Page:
The centre sits in one of the most picturesque, fertile, intimate valleys I think I’ve ever experienced. The group cooees that punctuate the day to announce meal and break times echo magnificently off the surrounding hills. That echo seems to both highlight the remoteness of the location, and reassure you of the friendly community at its heart.

It should have dawned on me sooner, but it was only when I saw the toilets and showers that I realised the logistics of a venue with no water on tap. Composting toilets of course – not too much of a problem, I guess I could get used to that.

But the shower “complex” – although stunning with its open windows offering serene views across the site – gave me the shivers! Nice in summer I’m sure. But the thought of only having one hot shower a week (as I learned was usual for staff), in an open draughty building that required at least an hour’s forward planning to light and heat up the massive wood burning heater unit, was a bit hard to reconcile.

I like to think I’m a bit considerate when it comes treading lightly on the earth. I’m usually quite careful with electricity, walk or cycle or take public transport in preference to my car where practical, consider food miles when I shop, and try to minimise waste.

However, a hot shower has long been my downfall. I somehow lose track of time under one. I know it’s the last bastion I need to conquer. I just don’t think now is the time – not when I’m already struggling with life in a much colder climate than I was born and raised in. That might just be too much of a shock to the system.

So, already doubting my ability to live this lifestyle long term, and after also hearing that my guide was the oldest staff member ever at Wollongara when he started at the tender age of 35, I really did have serious doubts this was the job for me.

I was given a choice to dive in with helping at any of the many tasks I’d seen taking place during the grand tour. I chose the garden.

IMG_4585

On my way in, I considered asking for some gloves to protect my precious hands – I rarely garden without them at home. But then I thought “what the hell” and got stuck in. I was invited to join in weeding a couple of raised garden beds riddled with oxalis.

I’d vaguely heard of the weed before, but had no idea how insidious a weed it is. A frail looking leafy plant on top, it spreads bulbs an astonishing depth into any garden bed it takes hold of – and unless you get as many of these bulbs out as possible, it will just come back time and time again.

So there we were – pulling off the top layer of green stuff, then digging and sifting through a foot of earth or more to seek out the bulbs. Depending on the stage of the plant’s life-cycle, these range in size from 1mm to 1cm, sometimes orange sometimes white, sometimes with astonishing translucent growths developing bizarre shapes. And we had a good old chat at the same time, with both of my fellow weeders offering compelling insights into life at the centre.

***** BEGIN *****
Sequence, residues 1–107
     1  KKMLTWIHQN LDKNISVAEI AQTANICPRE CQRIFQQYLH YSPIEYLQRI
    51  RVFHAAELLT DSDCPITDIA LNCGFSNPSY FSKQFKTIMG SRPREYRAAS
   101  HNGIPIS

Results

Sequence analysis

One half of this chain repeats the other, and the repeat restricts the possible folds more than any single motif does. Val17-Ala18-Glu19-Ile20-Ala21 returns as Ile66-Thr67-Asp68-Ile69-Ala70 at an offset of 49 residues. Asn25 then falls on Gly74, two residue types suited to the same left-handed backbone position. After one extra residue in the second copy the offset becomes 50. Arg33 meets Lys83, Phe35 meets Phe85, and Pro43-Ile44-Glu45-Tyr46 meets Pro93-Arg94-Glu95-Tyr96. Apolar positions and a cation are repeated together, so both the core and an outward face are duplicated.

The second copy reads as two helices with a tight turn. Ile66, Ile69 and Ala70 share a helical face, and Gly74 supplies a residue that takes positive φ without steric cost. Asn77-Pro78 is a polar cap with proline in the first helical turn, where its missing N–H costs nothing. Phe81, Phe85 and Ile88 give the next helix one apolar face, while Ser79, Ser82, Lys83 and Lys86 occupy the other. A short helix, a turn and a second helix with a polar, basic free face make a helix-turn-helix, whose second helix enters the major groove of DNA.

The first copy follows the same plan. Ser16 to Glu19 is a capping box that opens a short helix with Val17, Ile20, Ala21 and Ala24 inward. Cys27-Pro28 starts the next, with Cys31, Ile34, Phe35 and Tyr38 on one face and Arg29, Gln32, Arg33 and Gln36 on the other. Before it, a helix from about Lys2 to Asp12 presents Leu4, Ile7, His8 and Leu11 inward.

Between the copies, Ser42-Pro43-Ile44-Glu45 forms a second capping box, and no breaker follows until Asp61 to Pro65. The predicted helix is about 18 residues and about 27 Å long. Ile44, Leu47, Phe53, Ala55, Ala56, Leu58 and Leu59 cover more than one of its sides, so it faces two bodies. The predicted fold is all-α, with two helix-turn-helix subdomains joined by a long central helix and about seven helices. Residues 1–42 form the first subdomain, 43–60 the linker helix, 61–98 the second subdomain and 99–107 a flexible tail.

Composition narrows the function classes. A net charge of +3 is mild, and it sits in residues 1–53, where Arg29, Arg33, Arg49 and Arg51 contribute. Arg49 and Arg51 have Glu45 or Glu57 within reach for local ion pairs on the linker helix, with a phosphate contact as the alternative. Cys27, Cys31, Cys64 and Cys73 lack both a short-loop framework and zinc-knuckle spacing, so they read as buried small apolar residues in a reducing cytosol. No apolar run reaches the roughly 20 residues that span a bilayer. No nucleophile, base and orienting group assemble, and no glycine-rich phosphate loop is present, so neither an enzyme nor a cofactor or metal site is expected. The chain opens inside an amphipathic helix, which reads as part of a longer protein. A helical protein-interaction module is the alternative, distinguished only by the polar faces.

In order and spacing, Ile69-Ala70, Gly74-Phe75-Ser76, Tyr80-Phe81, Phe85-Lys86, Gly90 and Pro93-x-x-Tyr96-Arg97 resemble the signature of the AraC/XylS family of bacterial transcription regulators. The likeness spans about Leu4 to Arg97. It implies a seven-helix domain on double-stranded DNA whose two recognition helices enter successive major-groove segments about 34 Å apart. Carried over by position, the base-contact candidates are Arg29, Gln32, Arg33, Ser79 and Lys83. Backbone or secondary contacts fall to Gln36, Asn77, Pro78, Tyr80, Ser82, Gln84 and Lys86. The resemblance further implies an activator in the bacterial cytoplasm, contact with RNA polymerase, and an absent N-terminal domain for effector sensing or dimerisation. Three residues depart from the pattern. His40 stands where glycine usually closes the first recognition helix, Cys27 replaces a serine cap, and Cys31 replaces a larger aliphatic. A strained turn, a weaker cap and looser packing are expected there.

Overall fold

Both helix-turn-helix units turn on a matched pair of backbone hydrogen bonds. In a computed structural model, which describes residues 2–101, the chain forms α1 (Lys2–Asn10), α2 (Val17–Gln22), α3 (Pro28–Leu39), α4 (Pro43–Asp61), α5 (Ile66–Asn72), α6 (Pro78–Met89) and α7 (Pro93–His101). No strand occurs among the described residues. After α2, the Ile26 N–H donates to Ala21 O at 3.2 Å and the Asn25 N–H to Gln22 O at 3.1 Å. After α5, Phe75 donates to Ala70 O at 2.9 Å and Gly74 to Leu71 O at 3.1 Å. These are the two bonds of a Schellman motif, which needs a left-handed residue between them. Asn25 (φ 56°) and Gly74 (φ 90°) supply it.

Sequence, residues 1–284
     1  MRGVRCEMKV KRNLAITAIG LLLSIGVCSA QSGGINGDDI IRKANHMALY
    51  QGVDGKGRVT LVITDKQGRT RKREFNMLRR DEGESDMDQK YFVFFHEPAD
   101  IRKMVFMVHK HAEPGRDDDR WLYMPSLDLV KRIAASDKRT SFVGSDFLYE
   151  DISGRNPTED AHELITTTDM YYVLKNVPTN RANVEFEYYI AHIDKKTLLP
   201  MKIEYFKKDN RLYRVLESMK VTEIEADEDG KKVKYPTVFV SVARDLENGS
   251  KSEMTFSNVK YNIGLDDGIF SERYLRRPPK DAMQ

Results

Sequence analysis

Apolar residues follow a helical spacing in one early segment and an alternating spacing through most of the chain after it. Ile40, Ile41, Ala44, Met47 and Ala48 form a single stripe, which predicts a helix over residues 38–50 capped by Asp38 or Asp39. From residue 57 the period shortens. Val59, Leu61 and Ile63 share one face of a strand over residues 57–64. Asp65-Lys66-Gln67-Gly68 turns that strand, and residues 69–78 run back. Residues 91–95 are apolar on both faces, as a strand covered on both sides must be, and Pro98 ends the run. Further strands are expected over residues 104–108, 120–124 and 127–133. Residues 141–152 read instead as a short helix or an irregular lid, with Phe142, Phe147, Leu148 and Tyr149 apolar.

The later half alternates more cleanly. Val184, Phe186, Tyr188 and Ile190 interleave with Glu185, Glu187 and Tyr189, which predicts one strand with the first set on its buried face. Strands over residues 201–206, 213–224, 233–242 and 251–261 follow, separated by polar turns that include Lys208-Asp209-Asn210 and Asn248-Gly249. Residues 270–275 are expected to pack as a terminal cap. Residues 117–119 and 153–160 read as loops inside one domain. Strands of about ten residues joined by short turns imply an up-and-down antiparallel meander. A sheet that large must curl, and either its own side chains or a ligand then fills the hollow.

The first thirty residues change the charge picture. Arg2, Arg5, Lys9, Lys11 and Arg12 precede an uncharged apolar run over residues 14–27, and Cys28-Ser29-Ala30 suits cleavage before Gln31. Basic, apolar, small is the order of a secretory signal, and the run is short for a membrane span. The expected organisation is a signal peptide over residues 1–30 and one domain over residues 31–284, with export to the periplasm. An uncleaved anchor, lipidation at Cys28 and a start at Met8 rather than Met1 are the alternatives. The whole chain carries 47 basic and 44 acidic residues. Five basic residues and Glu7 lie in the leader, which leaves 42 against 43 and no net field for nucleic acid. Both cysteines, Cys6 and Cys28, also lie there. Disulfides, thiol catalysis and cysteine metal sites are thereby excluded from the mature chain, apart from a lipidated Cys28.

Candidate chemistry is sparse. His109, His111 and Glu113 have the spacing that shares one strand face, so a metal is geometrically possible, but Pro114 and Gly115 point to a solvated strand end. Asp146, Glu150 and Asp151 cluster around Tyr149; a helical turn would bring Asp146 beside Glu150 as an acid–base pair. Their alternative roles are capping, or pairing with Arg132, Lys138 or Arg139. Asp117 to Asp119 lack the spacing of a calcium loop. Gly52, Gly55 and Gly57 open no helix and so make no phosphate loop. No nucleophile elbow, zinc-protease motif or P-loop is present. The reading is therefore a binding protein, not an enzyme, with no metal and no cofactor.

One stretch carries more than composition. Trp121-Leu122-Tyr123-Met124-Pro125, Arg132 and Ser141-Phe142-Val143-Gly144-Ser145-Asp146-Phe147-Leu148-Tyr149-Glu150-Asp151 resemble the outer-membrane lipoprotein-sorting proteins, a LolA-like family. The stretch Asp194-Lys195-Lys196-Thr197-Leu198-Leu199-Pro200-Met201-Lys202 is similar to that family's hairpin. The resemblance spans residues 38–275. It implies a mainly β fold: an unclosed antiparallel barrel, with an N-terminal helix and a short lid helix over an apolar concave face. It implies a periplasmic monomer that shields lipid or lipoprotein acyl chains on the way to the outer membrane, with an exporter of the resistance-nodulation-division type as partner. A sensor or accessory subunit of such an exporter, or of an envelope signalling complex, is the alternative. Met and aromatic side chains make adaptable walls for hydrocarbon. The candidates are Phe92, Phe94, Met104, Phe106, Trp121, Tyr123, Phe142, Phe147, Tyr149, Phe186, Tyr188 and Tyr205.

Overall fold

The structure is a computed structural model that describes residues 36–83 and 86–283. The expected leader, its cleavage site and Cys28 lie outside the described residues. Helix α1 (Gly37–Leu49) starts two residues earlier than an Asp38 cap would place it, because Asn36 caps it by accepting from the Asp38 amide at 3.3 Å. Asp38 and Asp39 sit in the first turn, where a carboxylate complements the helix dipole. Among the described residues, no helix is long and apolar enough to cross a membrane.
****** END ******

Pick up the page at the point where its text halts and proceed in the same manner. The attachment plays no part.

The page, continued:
Once I got my eye in, I was astonished at how many oxalis bulbs I found – amongst the earthworms, skinks and spiders. And I watched with a strange kind of wonder and glee as my fingers became darker, and my nail beds full of the richest darkest soil I’ve seen in a long time.

Before I knew it, the collective cooee went up for lunch. After a hearty warm soup and bread, and a bit more of a chat with lots of new faces as we did the dishes afterwards, it was back to work. Alone this time I returned to the weeding, the others having found something more challenging to take on.

It wasn’t long before new faces joined me, so we chatted and dug and weeded some more. There was a stream of new faces across the afternoon – they all came for a while, settled briefly and got the hang of the job, then went again looking for something more interesting to help with! I didn’t mind; I wanted to finish what I’d started.

To be honest, I just wanted to dig.

It’s not often that I am able to completely immerse myself in a task. At work, as for most people, there are constant interruptions. Even at home I’m my own worst enemy – prepping and cooking dinner while I watch a DVD or listen to the radio and track the news, weather, sports, or my friends’ happenings on my domineering smartphone.

To be given an opportunity to slow down, turn off all those distractions and focus on one job was heavenly – meditative, therapeutic and exactly what I needed.

Cowardly though it was, I shunned the opportunity to experience the showers as evening set in, opting instead for a freshen up and then adding on layers to keep me warm for the evening ahead and eventual collapse into my sleeping bag in the bunkhouse.

Dinner was under the stars around the fire pit, shared with around 30-40 people. And it was tasty! Dessert was even better. As the night wore on, the talk around the fire offered an opportunity to reflect. There were certainly some interesting characters among the Wollangarra support network, pretty varied too, and it was on the whole an entertaining listen. I felt this was a crew I’d be happy to get to know a little better.

Creeping into the bunkhouse at I have no idea what time (but on reflection I suspect was actually probably quite early!) I fumbled about in the dark, covering my torch as much as possible to avoid disturbing others; then heaved myself up into the top bunk I’d chosen and settled down to sleep. It came quickly, despite realising that the thin mattress wasn’t providing much support for someone who’s getting a bit creaky with age and is used to a decadent physio-approved bed!